Bulgaria's well-publicised battle against corruption and organised crime experienced a changing of the guard last week, when the Supreme Judicial Council (SJC) elected presidential advisor Boris Velchev to the office of chief prosecutor.
The election comes at a difficult time for Bulgaria's oft-maligned justice system, as the lack of judicial reform has been repeatedly cited by the EU as one of the main stumbling blocks for the country's accession into the Union in 2007.
Velchev, who ran unopposed after constitutional lawyer Lazar Gruev and National Investigation Service head Angel Alexandrov withdrew from the race, received an unprecedented majority of 23 out of 25 from the SJC.
Yet while members of the ruling tripartite government coalition praised Velchev's qualifications, integrity and experience, the lopsided victory and lack of other candidates drew criticism from opposition parties.
"For the first time, ruling politicians have agreed publicly on who will be the next prosecutor-general, which is outrageous," Peter Stoyanov, leader of the right-wing opposition Union of Democratic Forces and a former president, told the press.
Stoyanov also questioned the independence of the country's judicial power in light of the fact that Velchev was employed by current President Georgi Purvanov.
The incoming prosecutor-general was also targeted in a statement issued by the Democrats for a Strong Bulgaria (DSB) party. The statement said that Velchev's nomination was "against everything that the democratic changes had achieved in Bulgaria since 1989", and that Purvanov was "trying to manipulate the election of prosecutor-general".
Velchev, who is also a law professor and serves on the National Assembly's legislative board, will succeed Nikola Filchev when his seven-year term concludes on February 22.
To be successful, Velchev will need to avoid the political controversy that hounded his predecessor.
Filchev's detractors continuously and publicly criticised his apparent lack of progress, accusing him of incompetence, corruption, mental illness and of being connected to the death of prosecutor Nikolai Kolev, who was shot dead in December 2002. Filchev repeatedly denied the allegations and indicated that he believed the attacks on him were an attempt by a group of individuals to drive him from office.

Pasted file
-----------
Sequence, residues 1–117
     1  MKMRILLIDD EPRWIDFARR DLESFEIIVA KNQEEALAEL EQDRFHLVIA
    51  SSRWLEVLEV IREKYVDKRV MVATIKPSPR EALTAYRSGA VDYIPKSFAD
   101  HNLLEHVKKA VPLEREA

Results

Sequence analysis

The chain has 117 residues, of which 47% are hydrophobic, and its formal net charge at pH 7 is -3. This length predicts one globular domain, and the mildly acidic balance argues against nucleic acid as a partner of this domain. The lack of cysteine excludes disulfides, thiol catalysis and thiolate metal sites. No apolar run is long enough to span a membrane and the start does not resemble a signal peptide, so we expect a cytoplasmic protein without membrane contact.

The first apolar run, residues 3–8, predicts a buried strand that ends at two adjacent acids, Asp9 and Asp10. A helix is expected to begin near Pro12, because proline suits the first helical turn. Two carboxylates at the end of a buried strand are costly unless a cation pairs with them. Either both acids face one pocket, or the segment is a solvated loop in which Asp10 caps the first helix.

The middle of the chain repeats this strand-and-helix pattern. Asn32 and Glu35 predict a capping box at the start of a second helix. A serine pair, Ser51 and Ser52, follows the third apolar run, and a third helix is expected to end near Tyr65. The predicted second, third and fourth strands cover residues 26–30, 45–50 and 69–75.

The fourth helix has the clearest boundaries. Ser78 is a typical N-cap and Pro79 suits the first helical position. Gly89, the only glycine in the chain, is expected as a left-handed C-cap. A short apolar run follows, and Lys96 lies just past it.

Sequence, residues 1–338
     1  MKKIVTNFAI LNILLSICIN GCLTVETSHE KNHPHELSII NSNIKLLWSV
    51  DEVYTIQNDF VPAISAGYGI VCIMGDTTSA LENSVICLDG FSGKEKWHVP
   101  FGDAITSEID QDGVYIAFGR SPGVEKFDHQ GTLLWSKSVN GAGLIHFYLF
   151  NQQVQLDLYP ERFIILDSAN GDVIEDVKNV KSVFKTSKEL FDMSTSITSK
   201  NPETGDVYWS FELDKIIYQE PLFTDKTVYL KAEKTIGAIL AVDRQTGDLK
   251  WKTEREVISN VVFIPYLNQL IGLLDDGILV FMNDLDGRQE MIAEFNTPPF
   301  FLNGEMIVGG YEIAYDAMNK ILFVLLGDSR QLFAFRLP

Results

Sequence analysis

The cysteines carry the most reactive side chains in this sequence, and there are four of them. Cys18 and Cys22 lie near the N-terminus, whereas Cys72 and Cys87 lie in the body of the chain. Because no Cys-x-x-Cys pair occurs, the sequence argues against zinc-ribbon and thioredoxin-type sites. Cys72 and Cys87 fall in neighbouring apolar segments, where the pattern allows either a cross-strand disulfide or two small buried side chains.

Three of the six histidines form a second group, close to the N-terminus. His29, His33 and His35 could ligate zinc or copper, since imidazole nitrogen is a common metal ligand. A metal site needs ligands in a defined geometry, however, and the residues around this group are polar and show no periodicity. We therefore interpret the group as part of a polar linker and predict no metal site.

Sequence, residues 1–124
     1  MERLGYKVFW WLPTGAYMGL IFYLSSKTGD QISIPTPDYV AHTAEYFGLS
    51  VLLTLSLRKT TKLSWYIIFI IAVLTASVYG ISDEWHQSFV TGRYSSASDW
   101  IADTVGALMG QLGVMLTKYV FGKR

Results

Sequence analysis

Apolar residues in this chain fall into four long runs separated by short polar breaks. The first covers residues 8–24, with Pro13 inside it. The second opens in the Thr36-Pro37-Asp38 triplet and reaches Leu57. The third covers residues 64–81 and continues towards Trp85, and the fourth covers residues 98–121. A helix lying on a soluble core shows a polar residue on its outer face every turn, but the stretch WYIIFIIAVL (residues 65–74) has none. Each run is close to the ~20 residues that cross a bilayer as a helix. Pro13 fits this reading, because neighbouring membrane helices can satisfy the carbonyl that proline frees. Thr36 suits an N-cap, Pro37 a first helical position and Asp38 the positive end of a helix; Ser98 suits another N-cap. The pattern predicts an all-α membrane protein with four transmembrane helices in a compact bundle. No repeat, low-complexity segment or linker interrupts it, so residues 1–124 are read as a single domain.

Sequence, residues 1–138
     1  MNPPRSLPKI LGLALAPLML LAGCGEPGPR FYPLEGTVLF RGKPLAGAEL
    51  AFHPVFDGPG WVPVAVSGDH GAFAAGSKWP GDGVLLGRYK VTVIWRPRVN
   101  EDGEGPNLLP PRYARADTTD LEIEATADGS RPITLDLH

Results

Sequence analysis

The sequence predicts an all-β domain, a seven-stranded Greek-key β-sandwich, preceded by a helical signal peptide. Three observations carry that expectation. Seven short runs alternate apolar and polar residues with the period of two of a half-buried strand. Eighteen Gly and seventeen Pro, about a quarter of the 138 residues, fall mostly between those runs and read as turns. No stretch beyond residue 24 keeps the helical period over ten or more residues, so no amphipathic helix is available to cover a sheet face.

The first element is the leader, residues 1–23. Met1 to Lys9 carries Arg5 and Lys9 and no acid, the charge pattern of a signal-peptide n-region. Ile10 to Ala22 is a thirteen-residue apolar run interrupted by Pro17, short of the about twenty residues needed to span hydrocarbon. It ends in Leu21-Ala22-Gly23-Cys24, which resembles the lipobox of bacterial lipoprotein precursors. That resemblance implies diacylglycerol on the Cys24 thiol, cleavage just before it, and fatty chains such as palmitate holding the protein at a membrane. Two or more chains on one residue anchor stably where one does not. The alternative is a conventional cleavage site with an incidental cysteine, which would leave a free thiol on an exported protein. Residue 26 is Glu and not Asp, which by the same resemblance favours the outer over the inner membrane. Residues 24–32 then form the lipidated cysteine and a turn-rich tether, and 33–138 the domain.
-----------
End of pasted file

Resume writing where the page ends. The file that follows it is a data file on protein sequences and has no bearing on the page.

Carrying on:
The new prosecutor-general will also have to turn around a justice system that has been woefully ineffective at producing results - namely, successful prosecutions - in order to assuage the concerns of the EU.
In recent years more than 150 people have died in shootings, bombings and other violence linked to powerful crime groups, but the justice system has convicted few for these offences.
The fact that some of the victims are high-profile members of the Bulgarian elite has also not helped the perception that organised crime reaches all the way to top.
One such murder, that of Emil Kyulev, a banker and one of the richest men in Bulgaria, came at the particularly inopportune time - the day after a comprehensive EU report on Bulgaria was released.
Because of the lack of progress in this area, many EU members have expressed concern that the country's inability to tackle the problem will have negative consequences for the Union and spur a wave of violent crime if Bulgaria becomes a member in 2007.
A recent report from the European Commission concerning corruption and organised crime stated that Bulgaria must take "immediately drastic measures, if it wants to be ready for the intended date for entry".
Velchev addressed this issue when he told the SJC that "There is only one criterion for estimating the effectiveness of the prosecutor's work: the number of sentenced criminals."
As prosecutor-general, Velchev will be charged with supervising, leading and directing the activity of all the prosecutors in the country.
Some observers were optimistic that he would be successful in this capacity, given his support of a constitutional amendment currently in parliament that would restrict immunity from prosecution for magistrates, enhance the justice minister's oversight powers and allow the removal of the chief prosecutor under certain circumstances.
With the fate of Bulgaria's EU membership still uncertain and the justice system embroiled in criticism, much is riding on the effectiveness of the newly elected prosecutor-general. If Boris Velchev is able to elicit convictions of organised crime figures, it will be a major victory for the government. But if the status quo prevails, it would mean Bulgaria would join the EU under a cloud.